At this time with a large number of individuals volunteering for the NHS and other organisations also on a recruitment drive, it is important that we consider what needs to be done to ensure it is done legitimately, legally and safely to protect both your organisation and the volunteer.
Volunteers using their own vehicles in their voluntary activities should tell their insurance company. They should make it clear that they will only receive out-of-pocket expenses, and make it clear that this is not commercial use of the vehicle.
Most major UK based insurers have already said they will not charge clients for using vehicles during this pandemic, but that doesn’t mean you shouldn’t declare the usage to your insurers first. Especially if the vehicle is being used to carry passengers, goods or deliver supplies.
Organisations should ensure that volunteers have told their insurance companies about their volunteer driving. An easy way to do this is to give your volunteers a standard letter with a return slip for the insurance company to complete. Asking for proof that this has been done is a good risk control step for the charity or organisation to follow.
- Your organisation should ask to see an MOT test certificate the vehicle is required to have one in place. Usually when the vehicle is over three years old
- Your organisation should also be confident that the vehicle is safe to operate. You may want to create a checklist that the volunteer can complete and submit as evidence that they are operating a road worthy vehicle. It is the driver’s responsibility to ensure that the vehicle they are driving is in a road worthy condition each and every time they use it. However, your organisation has a duty of care to other service users and the wider public, do acting responsibly and taking steps to mitigate any risk is important.
Seat belts – There are legal requirements for wearing seat belts, it’s important to remember that:-
- Cars must have both front and rear seat belts fitted and all passengers should wear them.
- Passengers aged 14 and over are legally responsible for ensuring that they wear a seat belt.
- Drivers are responsible for ensuring that children under the age of 14 are using an appropriate child or booster seat. Find out more about car seats here.
Fitness to drive
The volunteer must tell the DVLA if they have a driving licence and:
- They develop a ‘notifiable’ medical condition or disability
- a condition or disability has got worse since they got their licence
Notifiable conditions are anything that could affect someone’s ability to drive safely. They can include:
- diabetes or taking insulin
- syncope (fainting)
- heart conditions (including atrial fibrillationand pacemakers)
- sleep apnoea
The DVLA will then make a decision about the person’s fitness to drive.
Not telling the DVLA about a condition or disability is a criminal offence. The driver could also invalidate their insurance if they do not follow medical advice not to drive.
Volunteers should be trained, however given the short term nature of some volunteering periods, this may not be fully practical or a viable investment in the individuals, but appropriate information should be collated by your organisation, such as driving license information.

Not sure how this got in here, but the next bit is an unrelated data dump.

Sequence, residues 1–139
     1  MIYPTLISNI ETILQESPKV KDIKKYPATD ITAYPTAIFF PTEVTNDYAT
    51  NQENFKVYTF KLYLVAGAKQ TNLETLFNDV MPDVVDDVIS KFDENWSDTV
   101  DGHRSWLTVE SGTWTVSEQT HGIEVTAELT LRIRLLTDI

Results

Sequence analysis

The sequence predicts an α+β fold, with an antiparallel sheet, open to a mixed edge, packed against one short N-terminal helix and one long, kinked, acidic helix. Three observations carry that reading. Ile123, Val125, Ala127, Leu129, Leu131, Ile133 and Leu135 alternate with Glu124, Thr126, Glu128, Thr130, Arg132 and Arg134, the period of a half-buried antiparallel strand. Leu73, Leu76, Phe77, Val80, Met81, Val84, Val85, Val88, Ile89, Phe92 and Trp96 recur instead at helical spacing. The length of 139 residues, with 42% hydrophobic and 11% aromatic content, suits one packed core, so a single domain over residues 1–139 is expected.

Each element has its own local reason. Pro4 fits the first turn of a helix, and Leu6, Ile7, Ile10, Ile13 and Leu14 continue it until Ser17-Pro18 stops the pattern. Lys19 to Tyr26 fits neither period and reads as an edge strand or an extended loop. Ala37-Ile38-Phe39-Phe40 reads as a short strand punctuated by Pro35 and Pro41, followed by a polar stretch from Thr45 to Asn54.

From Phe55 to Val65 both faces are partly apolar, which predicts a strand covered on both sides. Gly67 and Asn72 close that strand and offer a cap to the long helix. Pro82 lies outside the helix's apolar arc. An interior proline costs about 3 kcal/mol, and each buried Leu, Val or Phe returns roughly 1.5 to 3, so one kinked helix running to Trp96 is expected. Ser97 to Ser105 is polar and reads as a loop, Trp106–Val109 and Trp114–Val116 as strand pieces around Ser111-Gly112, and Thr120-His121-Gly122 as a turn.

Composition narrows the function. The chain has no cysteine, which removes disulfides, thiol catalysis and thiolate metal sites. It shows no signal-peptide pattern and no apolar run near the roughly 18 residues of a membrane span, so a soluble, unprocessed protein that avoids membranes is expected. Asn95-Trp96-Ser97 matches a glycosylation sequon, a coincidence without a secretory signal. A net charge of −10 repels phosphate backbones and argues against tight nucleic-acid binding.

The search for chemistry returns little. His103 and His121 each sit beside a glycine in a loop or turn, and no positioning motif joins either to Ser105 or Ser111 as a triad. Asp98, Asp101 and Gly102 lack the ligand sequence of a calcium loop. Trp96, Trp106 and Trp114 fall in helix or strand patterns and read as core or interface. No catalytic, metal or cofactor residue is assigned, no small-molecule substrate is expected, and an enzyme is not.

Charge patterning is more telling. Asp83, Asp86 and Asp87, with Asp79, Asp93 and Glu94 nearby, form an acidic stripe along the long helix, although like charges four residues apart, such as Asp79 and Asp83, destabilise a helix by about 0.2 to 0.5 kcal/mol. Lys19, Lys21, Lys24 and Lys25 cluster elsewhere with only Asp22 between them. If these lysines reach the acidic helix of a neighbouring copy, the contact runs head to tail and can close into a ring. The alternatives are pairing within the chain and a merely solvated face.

Training to consider:
If volunteers are carrying elderly or disabled people or children, particularly in picking up and setting down passengers; you may wish to consider providing training in:
- Personal Safety for Lone Workers
- Customer Service
- Manual Handling
- Equality, Diversity and Discrimination
- Safeguarding Adults
- Safeguarding Children
- Workplace Health and Safety
- First Aid
It is a good idea for voluntary organisations to consider providing ID for volunteer drivers so that the people they are picking up can clearly recognise them. The identification should include the main telephone number for the organisation and be clearly visible.
Accidents, illness or injury
In the event of an accident, the organisation and the emergency services should be informed immediately. All claims should be reported to the motor insurers regardless of fault as soon as possible. Most insurance companies will allow you to do this online. You may also need to make an online report to the police.
- Driving licences should be checked when the volunteer starts and regularly while they are volunteering, to make sure that they don’t have any recent or serious driving convictions.
- Licences should be full and not provisional, preferably without endorsements.
- If a driver has penalty points on their licence, the organisation will need to decide whether or not they think the driver is be suitable for a role.
- Some organisations may want to set a minimum requirement for driving experience. Age discrimination should be avoided as long as a younger driver is experienced enough and an older driver is confident driving.
Insurance for volunteer drivers
If your organisation owns the vehicle being used by a volunteer, it is responsible for arranging insurance.
If the volunteer owns the vehicle, they are responsible for arranging insurance. They should inform their insurer that they are using it as part of a volunteering role.
The above document lists insurance companies that don’t charge extra premiums for volunteer driving.